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Confronting Fact and Fiction Amid Information Disorder

President Bongbong Marcos Jr., son of former Philippine President, Ferdinand Marcos Sr. | File photo

Exploring the spread of disinformation and historical revisionism in the Philippines, this short article dissects the film “This is How Her House Was Built” by Jaime Morados. The film offers a poignant allegory for how twisted narratives can distort reality, sowing confusion and burying uncomfortable truths beneath a veneer of revisionist fiction. Amid the Philippines’ political landscape, the piece examines the pernicious effects of disinformation machinations and their threat to democracy, while underscoring the importance of critical thinking and pushing back against the subversion of facts.

This post is part of a series of issue analyses for the Tech Tales Youth film collection. Read the rest of the series here.


Disinformation and fake news have long been buzzwords in the Philippines, used to label almost anything going against one’s beliefs or mainstream viewpoints. While some may use the term innocuously, information disorder remains a serious plague on society: recent political events have shown how bad actors can successfully wield disinformation narratives to cast doubt on established facts, convincing the public – especially the younger generation and those unaware of their history – that “alternative truths” exist, all while hiding their real political agenda.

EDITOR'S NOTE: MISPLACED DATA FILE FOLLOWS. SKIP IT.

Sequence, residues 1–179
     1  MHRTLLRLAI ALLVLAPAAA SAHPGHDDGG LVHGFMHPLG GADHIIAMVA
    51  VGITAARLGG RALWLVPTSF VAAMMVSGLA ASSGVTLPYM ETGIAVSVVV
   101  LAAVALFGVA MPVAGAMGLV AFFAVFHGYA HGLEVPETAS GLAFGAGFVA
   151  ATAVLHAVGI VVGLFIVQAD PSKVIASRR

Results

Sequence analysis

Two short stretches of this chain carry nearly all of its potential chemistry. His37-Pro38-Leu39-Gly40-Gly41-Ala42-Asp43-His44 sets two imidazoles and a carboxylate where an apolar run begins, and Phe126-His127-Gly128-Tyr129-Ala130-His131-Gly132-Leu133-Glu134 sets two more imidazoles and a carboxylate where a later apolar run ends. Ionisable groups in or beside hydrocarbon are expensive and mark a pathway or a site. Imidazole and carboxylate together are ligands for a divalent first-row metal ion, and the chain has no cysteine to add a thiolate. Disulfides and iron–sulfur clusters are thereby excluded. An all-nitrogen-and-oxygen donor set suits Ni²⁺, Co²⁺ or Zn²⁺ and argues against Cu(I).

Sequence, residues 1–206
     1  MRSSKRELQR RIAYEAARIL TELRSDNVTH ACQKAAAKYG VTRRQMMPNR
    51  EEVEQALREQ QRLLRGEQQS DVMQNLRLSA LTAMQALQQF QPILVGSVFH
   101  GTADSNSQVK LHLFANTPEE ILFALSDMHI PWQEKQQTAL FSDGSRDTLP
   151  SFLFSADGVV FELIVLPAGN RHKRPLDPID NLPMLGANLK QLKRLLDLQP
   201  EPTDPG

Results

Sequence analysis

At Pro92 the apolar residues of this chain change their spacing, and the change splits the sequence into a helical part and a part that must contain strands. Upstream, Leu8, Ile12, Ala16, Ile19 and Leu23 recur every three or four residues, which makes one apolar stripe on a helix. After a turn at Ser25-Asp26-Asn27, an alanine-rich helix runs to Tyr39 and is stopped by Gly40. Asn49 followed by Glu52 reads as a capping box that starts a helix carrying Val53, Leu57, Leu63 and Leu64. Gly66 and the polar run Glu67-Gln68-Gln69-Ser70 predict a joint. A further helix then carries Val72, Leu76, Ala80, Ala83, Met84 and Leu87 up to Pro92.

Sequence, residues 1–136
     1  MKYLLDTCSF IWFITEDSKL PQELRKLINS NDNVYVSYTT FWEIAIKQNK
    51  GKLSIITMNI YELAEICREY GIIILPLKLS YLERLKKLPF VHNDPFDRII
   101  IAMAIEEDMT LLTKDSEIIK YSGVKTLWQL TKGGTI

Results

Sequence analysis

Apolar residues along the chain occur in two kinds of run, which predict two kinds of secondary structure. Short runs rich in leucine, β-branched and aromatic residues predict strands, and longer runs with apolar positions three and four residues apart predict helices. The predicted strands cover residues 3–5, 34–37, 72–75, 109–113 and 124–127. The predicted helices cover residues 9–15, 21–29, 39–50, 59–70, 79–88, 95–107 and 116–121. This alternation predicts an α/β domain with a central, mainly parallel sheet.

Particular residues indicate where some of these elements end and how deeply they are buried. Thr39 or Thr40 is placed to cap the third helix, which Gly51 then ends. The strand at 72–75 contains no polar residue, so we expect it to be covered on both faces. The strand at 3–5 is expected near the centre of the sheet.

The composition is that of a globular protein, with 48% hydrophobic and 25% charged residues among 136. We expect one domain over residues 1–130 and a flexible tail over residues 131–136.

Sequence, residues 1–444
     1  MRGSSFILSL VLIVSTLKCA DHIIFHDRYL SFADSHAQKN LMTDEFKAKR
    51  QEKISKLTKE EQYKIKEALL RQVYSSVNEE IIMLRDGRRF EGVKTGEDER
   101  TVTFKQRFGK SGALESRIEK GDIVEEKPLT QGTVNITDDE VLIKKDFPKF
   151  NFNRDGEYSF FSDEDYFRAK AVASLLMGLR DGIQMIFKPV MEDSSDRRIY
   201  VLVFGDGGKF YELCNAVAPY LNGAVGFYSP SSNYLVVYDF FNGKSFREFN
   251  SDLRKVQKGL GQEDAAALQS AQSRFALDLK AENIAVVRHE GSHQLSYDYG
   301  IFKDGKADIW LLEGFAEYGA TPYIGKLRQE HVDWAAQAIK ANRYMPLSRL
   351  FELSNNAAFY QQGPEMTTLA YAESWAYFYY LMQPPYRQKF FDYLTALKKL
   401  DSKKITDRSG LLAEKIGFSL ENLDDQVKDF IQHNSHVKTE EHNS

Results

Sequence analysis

This is How Her House Was Built highlights how the political is personal, visualising the protagonist’s fears and confusions amid a confusing swirl of competing voices. It portrays how twisted narratives sow confusion, replace fact with fiction, and bury historical accounts to hide ugly truths and project images of a better, shinier new society.

The 2022 elections show how deeply disinformation has taken root in the Philippines and how it has become inextricably linked to historical revisionism. Fake news, digital black ops, and the gaming of social media algorithms were wielded to rewrite history, whitewash brutal legacies, and, most alarmingly, win the presidency for Ferdinand Marcos Jr., son of the man who plunged the Philippines under authoritarian rule. According to the Philippine Center for Investigative Journalism, the online disinformation campaign for the Marcoses’ comeback to power has been running for at least a decade.

Even before Marcos’ victory, the disinformation machinery had been in full swing, with Big Tech playing a role as social media algorithms feed into the vicious cycle of subverting fact and sensationalising fiction. Filipinos trying to look for credible information are bombarded by confusing messages: some saying journalists and historians are not to be trusted, others presenting fabricated sources as the real, hidden truth. A common message especially targeting students and the youth is questioning what they know of history when they weren’t even born at the time. All of this makes it even more challenging to sift through the noise to arrive at the facts.

Despite this bleak picture, civic resolve and resistance to these threats to democracy remain. The 2022 elections may have been a victory for fake news peddlers, but it has also demonstrated a much more engaged citizenry interested in engaging in political discourse. For some of the younger generation, it has also been a kind of political awakening.

The film portrays disinformation as parasites that slowly but steadily attack the foundations of the Filipino people’s history. While the shiny veneer of a flawless, picture-perfect society may be tempting, it urges audiences to critically examine the narratives they encounter and push back against the war on facts and democracy.

Watch the film